Late July in South Georgia is a place of heated despair. It has been so hot for so long no one remembers the cold weather of this last winter. The ice in the pond has been replaced by stagnant and fetid water that seems on the very verge of boiling if it were just a bit hotter. A few more degrees and we could catch fish fully cooked. The shade of trees offers not the cool relief from the heat but rather an oven warm respite from the radiological blast of the sun’s direct glare. It is hot. It has been hot. It might get hotter. There is no relief in sight.
Late July is no better than halfway through the worst heat of the Summer. This is the time of Siege. This day may be the hottest ever, but you know tomorrow might be hotter still, and if that day is the hottest on record then the day after that might be, and the week after that the temperature might hit triple digits for a week after that, but today might be worse than yesterday, and tomorrow has begin and you dread it like a double date with you ex-wife and zombie with hiccups because that day might be hotter still.
And the one after that, well, yeah, it too.
Go ahead and just sheer off that part of the thermometer that reads below seventy-five or so, because the temperature isn’t dropping blow that until the middle of September, and if it does it will be right before sunup. That part of the thermometer that reads in the upper nineties you might want to just go head and magnify that a bit because that is where the mercury will be for a spell. It’s locked in now. It’s set in red hot stone. It’s going to be the way it is until it stops being this way, and you’ll tear a couple of pages off the calendar before you feel relief.
There are species out there who love this, in case you’ve missed it.
The trees are soaking up the life right now, and this is great tree weather. The rains have fallen consistently and with good measure, and the Chinaberry trees are nearly blue-green they’re so green. They appear even darker this year because the leaves are so thick it creates deep black shadows between the limbs so everything seems framed in darkness. The grass grows eleven feet a second these days and the yard needs to be mowed again before the last time is finished, and I have a small yard. Even as hot as it is the rains have kept up with the evaporation rate, so we have frogs, frogs, frogs, at night. More plant life means more insect life and that means more of everything that eats bugs. The downside is wasps eats bugs and the Wasp Wars continue as I try to keep them from rebuilding on my front porch.
But the heat is oppressive. It is suppressive. It is ubiquitously universal. It is hot inside. It is hot outside. It is hot in between. It is hot at work. It is hot at play. It is hot in the pool, in the shower, and even in a deep freezer, where they keep the heads of Disney and Ted Williams, they are now beginning to have to wipe sweat of their brows of those men because it is so hot in South Georgia.
“…penchant for hyperbole”
Someone kicked over a fireant bed onto the sidewalk the other day and the ants died before they could crawl back into the grass. They just curled up and wilted like tiny little evil blades of grass. A swarm of mosquitoes followed me into my truck and died screaming when I closed the door, trapping them in a furnace replete with a decent CD player. Their tiny blood sucking bodies lay shriveled on the dash, their Rh factors turning into a thin red smoke. It is so hot bug are melting off car windshields and windshields are beginning to droop.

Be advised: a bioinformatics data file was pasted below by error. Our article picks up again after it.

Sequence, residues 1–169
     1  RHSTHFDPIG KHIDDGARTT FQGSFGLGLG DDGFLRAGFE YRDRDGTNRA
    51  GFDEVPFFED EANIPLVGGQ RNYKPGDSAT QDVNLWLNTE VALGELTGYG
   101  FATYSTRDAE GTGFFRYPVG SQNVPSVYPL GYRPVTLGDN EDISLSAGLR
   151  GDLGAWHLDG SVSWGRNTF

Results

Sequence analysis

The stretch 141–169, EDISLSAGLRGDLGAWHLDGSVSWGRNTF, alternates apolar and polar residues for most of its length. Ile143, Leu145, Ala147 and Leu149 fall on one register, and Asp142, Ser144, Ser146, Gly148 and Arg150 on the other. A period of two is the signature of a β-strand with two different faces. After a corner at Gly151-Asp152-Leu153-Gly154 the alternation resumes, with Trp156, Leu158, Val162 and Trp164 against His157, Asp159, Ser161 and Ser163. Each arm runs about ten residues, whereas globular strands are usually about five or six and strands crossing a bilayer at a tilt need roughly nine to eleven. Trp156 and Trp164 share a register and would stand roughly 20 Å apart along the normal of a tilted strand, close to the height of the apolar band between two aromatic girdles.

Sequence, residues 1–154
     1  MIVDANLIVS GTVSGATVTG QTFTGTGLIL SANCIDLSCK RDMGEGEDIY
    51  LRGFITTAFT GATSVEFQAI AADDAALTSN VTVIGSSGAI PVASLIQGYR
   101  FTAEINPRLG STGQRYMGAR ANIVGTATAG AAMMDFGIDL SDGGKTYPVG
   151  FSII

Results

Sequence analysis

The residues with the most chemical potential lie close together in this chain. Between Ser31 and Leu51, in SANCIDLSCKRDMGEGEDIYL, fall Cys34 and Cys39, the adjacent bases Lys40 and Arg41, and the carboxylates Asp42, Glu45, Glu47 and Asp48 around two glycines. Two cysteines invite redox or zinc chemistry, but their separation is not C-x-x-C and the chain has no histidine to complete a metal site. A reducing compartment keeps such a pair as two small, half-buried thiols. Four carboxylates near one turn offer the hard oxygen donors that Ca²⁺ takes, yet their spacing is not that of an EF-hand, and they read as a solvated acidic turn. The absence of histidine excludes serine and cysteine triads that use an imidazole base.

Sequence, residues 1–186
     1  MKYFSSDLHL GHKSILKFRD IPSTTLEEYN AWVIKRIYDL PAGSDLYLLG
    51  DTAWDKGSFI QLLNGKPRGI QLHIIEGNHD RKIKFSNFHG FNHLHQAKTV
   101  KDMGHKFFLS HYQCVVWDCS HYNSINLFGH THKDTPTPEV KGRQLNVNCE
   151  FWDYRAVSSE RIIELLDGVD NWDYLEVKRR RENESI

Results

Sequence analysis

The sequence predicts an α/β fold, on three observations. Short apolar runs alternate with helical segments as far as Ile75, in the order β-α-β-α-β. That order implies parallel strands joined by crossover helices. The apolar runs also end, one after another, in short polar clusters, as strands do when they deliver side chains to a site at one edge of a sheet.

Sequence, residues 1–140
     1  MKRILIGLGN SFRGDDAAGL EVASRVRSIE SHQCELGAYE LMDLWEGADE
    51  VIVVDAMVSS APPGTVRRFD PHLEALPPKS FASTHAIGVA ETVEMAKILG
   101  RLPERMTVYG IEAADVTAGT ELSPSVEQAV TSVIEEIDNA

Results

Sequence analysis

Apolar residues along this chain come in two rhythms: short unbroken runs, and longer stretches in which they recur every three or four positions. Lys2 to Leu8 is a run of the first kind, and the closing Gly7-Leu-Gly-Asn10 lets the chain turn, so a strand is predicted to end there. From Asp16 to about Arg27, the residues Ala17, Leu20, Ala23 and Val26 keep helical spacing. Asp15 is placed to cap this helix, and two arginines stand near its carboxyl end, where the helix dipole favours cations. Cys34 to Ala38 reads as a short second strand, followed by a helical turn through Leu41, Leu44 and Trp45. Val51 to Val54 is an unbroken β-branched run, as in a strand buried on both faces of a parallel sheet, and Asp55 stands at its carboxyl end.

The highway soaks up heat like a crocodile on the banks of the Nile. We arrive near sundown and the sun isn’t blasting away at us but we can feel the residual heat rising from the asphalt like a disease. The surface of the road is hot, and it leeches through the soles of a man’s boots like it is burrowing into his soul. The air at face level is dirty with the dust of the passing traffic, and the heat makes it feel as if we’re breathing with our faces smashed down in an ashtray full of warm water. The heat is in everything, all objects manmade that have been exposed to the sun. Machinery is hot to the touch, and sitting anywhere is to invite that diaper rash feeling after a few minutes. The world has changed fundamentally from that of a world that is full of living creatures and living things, to an underworld, where we live in the warm, moist mouth of some giant creature, who forgot to brush his teeth.
This isn’t new. As far back as I can remember this is the way late July in South Georgia felt. There are times I can breathe deeply and feel the heat searing my very soul from the inside, and I feel my body accepting this fate, as if the humidity years to assimilate the beings who are mostly water themselves. The body human adjusts to the hostile air, and it makes amends with the sun, and those of us who work outside see this as just another day in just another week, in just another July, and it is just another Summer. There is no point, and no honor, in hiding from it, and there is work to be done, besides. Those who can survive the heat in the open know they can, and know they will. Those of us who challenge it know one day we will not be able to, but not this year. Another month and another month, and we’ll see some changes, but until then, it is Summer, and it is glorious.